This is an interesting tea in my collection; I own a few cakes but it's not really to the point where I really enjoy every session. Compared with some of its mid/late 90's contemporaries it's not the most mature tea--the mouthfeel is fairly rough and the longevity isn't particularly impressive. Occasionally, though, it'll show flashes of the light, silky sweetness that I've tasted in much older versions of the same recipe. It's certainly aging, but it needs to mellow out quite a bit. This is the kind of mid-aged pu-erh that I'll check in on every several months and by the end of the session I usually decide that I should wait longer before trying it again. Still, it's been months since I last drank it and I haven't really drank much aged pu-erh lately.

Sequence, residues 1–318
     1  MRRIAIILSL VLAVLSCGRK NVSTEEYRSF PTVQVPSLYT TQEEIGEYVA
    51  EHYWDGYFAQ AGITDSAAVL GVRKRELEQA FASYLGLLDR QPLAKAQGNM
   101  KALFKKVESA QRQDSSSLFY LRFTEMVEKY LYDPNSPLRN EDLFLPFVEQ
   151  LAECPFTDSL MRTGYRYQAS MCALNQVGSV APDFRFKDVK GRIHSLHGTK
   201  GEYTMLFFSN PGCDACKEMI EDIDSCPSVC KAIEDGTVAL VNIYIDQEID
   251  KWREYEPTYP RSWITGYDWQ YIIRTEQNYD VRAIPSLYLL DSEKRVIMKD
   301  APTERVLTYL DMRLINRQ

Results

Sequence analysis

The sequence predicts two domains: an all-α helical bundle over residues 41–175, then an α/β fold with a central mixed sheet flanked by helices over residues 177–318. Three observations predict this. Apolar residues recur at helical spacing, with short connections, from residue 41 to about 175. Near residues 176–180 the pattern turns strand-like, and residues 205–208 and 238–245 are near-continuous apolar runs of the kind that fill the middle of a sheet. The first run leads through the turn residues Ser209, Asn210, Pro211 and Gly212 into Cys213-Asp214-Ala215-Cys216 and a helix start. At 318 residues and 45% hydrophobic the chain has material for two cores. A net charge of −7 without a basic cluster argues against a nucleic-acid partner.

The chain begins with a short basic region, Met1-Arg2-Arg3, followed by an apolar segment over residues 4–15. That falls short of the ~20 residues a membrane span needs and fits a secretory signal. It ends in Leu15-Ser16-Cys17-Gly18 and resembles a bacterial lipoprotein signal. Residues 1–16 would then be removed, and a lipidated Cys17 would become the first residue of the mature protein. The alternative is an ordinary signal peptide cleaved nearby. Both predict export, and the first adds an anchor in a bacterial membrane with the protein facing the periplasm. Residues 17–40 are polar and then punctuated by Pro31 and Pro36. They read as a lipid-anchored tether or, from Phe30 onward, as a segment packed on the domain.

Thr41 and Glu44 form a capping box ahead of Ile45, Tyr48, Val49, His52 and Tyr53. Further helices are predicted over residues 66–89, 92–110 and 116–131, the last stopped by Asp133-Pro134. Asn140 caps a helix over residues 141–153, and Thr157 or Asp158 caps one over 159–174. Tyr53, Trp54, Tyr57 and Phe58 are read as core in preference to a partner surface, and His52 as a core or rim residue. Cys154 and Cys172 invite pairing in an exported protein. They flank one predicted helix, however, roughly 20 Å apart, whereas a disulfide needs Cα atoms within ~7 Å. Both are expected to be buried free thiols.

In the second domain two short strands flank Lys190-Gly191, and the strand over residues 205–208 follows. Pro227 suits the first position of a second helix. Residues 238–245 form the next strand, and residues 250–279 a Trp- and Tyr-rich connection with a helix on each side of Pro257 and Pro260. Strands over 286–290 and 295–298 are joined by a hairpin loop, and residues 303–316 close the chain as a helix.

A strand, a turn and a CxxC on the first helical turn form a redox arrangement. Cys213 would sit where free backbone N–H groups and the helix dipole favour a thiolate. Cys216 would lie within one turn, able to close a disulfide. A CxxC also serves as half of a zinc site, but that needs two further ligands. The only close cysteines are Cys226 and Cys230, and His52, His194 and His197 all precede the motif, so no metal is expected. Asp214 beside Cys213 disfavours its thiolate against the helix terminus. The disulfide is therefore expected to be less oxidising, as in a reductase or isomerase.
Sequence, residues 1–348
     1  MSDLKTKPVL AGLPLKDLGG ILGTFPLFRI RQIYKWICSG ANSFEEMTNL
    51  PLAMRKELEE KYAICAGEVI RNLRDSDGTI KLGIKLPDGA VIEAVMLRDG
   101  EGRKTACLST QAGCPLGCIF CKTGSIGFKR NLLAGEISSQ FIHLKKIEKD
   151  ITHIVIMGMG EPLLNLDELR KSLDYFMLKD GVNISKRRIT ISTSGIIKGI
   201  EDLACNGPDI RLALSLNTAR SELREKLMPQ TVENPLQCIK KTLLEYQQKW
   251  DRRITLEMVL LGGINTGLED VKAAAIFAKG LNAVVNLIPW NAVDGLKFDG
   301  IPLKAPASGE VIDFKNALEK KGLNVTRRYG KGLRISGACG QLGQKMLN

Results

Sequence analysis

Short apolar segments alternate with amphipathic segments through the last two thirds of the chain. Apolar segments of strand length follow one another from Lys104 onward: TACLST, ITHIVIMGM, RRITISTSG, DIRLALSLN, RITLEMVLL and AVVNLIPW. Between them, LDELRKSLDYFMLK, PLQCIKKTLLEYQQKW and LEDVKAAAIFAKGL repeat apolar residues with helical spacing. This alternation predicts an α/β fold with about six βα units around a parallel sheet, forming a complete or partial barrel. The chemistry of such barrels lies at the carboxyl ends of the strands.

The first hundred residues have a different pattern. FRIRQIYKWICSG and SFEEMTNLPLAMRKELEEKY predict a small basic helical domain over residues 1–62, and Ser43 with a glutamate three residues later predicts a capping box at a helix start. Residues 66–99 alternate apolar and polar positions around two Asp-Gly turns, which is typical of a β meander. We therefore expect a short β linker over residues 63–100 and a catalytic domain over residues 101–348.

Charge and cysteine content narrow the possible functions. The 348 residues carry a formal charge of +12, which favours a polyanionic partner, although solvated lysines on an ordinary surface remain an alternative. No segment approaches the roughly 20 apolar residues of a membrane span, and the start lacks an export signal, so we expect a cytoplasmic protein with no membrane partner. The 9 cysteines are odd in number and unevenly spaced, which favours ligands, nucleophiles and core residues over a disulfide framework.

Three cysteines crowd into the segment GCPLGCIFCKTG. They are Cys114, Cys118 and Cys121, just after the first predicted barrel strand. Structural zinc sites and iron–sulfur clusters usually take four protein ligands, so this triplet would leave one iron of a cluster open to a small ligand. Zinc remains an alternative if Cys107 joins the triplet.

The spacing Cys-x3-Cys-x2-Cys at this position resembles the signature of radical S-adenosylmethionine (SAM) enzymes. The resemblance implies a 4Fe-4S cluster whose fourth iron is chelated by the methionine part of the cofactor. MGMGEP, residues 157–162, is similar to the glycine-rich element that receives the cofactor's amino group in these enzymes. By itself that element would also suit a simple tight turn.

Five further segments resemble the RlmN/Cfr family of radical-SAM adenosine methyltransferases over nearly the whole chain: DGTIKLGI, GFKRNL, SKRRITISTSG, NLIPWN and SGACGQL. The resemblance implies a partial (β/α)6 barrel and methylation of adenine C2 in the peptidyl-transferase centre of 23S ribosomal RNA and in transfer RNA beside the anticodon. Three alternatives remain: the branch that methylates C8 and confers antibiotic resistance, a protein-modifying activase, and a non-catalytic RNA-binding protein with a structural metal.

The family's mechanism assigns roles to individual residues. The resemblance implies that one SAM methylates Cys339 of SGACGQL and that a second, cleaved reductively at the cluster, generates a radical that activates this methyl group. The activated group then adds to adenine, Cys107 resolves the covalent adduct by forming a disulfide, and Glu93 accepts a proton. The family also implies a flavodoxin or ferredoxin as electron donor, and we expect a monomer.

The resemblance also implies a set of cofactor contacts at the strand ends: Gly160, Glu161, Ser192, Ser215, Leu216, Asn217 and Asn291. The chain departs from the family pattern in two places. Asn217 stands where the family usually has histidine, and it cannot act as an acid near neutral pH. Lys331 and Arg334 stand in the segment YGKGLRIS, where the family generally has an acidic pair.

Whilst in Portland picking up my finished CDs I also managed to make a couple of purchases. The first is the nicest acoustic guitar I've yet owned--a Larrivée D-03R--and the second is the antique Japanese porcelain cup pictured right, which I found at Shogun's Gallery on NW 23rd. I've been disrespectfully sullying the cup with Chinese tea for the better part of the last week! I've been on the lookout for a decent blue and white old porcelain cup for a while and this one fits the bill--its pale blue swooping bird is pretty cool and I enjoy the irregularity of the foot, which means that the cup is permanently cocked at a slight angle. Shogun's Gallery was fun--they have quite a selection of tetsubin in the $200-$350 range. Although I was informed that most of their customers buy them as decorations, there were a few with visible mineral patinas that I would be excited to take a chance and brew some water in. I was quietly appalled to see an old tetsubin on the proprietors' desk repurposed as a pen-and-scissor holder. Gasp! Hopefully there was a good reason. I rarely get to go to nice teaware stores, so my "don't buy something" threshold is quite low. Luckily I got off pretty easy with the teacup. The new guitar means I won't exactly be splurging on any tongs of pu-erh or old pots any time soon, but a guitar that begs to be played is worth several times its weight in gold.